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The mud-thatched shanty in Tana River was dimly illuminated, moonlight beamed through a cracked roof. Three occupants conversed in a low tone. It was 11 pm.

A man guarded the near-collapsing door to alert about any lurking threat.

Only one path led to this shanty, an infamous centre for Female Genital Mutilation (FGM), a procedure that alters or injures female genital organs for non-medical reasons, like the desire to increase bridewealth and to control female sexuality. It often involves the removal or cutting of the labia and clitoris.

It emerged that a couple in the shanty had sought the services of a traditional circumciser, also inside. The lovers wanted their 11-year-old daughter’s genitalia mutilated, an act Kenya criminalized in 2001, and later in 2011, enforced a minimum punishment of three years imprisonment and Sh200, 000 fine.

The wife was circumcised at age five – she saw fit to subject her daughter, Hanifa*, to the cut, which causes a host of serious health problems, including lifelong painful conditions such as fistula and fatal childbirth complications, according to the World Health Organization (WHO).

The husband felt Hanifa was “incomplete” until she faced a knife, cruel gender-based violence.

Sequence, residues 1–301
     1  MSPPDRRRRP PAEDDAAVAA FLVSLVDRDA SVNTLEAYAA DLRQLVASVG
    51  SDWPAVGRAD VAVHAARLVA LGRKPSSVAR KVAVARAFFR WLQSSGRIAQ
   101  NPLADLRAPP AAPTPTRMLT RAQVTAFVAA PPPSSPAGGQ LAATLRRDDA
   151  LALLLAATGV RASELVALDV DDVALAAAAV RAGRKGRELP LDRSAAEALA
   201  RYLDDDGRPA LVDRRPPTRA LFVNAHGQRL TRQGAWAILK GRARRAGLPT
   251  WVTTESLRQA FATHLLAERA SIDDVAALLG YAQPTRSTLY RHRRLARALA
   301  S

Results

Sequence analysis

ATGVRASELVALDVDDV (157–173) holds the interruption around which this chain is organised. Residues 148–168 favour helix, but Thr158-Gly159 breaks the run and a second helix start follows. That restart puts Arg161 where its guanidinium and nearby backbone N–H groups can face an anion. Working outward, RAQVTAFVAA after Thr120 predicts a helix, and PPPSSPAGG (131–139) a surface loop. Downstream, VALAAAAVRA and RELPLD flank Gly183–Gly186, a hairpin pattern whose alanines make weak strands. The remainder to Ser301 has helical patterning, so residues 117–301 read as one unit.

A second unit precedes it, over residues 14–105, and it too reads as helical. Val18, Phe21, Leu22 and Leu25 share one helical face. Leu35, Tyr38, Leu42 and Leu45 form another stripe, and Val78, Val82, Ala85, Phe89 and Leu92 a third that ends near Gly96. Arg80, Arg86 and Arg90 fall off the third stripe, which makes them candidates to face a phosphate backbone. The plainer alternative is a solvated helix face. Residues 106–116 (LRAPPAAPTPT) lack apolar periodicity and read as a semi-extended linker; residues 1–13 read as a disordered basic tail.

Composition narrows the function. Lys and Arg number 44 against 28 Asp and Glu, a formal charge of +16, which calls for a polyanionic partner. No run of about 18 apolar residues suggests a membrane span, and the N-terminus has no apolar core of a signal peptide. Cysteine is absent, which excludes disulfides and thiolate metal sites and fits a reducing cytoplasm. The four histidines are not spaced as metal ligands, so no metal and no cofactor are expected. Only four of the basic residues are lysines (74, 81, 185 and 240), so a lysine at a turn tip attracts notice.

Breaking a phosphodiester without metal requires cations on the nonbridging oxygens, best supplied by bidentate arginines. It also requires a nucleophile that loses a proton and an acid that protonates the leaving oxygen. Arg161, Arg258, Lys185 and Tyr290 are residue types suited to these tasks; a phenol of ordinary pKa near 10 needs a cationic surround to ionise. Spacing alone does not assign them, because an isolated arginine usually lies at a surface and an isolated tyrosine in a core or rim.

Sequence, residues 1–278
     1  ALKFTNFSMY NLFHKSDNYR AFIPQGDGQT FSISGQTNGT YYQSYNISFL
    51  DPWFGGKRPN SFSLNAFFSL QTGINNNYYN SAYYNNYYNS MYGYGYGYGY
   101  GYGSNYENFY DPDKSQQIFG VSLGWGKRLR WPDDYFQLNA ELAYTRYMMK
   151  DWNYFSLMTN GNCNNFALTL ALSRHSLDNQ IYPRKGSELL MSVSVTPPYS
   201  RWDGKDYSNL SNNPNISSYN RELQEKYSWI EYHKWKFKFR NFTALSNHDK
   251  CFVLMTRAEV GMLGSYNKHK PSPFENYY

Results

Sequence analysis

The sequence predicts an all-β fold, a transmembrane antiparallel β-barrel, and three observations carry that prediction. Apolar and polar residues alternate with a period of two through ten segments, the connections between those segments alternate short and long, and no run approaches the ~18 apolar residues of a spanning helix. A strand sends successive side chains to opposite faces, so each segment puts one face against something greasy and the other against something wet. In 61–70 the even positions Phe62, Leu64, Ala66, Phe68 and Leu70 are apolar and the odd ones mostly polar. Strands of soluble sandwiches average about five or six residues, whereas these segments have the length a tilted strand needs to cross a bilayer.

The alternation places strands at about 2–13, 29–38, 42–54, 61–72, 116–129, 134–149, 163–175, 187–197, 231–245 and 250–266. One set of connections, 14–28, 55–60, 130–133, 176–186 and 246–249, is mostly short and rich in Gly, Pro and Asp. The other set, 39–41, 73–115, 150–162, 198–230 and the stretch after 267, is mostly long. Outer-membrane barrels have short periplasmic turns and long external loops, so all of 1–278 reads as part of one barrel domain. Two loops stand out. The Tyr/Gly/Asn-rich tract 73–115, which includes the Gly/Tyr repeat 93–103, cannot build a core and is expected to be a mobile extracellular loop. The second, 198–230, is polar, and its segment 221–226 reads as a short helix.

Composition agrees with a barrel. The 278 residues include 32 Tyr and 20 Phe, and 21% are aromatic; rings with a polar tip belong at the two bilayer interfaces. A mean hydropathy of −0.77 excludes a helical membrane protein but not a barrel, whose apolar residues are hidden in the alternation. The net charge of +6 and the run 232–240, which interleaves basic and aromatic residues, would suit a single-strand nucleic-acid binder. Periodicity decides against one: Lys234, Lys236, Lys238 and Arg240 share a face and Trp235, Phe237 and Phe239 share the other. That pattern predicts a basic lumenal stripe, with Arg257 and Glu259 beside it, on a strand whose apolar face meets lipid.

The circumciser relied on unsterilized sharp knives, scissors, pieces of glass, or razor blades. She worked either at her centre or the homes of girls like Hanifa.

‘Holy’ cut

For this job, the couple was to pay the circumciser Sh200 but risked placing their daughter’s life on the line. Hanifa could bleed to death or die from infections.

This danger did not cross the pair’s mind as they believed FGM is a holy practice, necessary for social acceptance and increased marriage prospects.

The cutter was to circumcise Hanifa the following day at 4 am. Hanifa had company – her cousin and another girl, all younger than her, were to face the knife, as well.

But the plan leaked to the authorities and Muhuri Tana River Officer, Ogle Abdi.

The area assistant chief, Amuma Hiribae, convened an urgent meeting over the looming cut. Ogle and two other rights defenders — Ochido Asava and Fathum Abdi — were in attendance.

The administrator mapped out the centre and covered possible escape routes. He laid out a plan, which they were to follow with military precision. The goal was to rescue the three girls uncut, reduce harm as possible, and arrest the FGM practitioner and the parents. Security agents got embedded in the operation.

Unexpectedly, the circumciser changed her plan and opted to cut the girls at Hanifa’s home under the dark and leave before dawn. She was to disappear for some time, as she suspected an impending arrest.

The assistant chief, on the other end, placed Hanifa’s home and the centre under surveillance.

For this job, the couple was to pay the circumciser Sh200 but risked placing their daughter’s life on the line. Hanifa could bleed to death or die from infections.

Arraign or educate cutter?

A report reached Ogle that the circumciser had been spotted around Hanifa’s home.

“This information got us flat-footed and almost scuttled our operation because most of our attention was focused on the centre and not Hanifa’s home,” Ogle recalled, narrating details of the 2019 event, which marked a tactical shift in the war against FGM.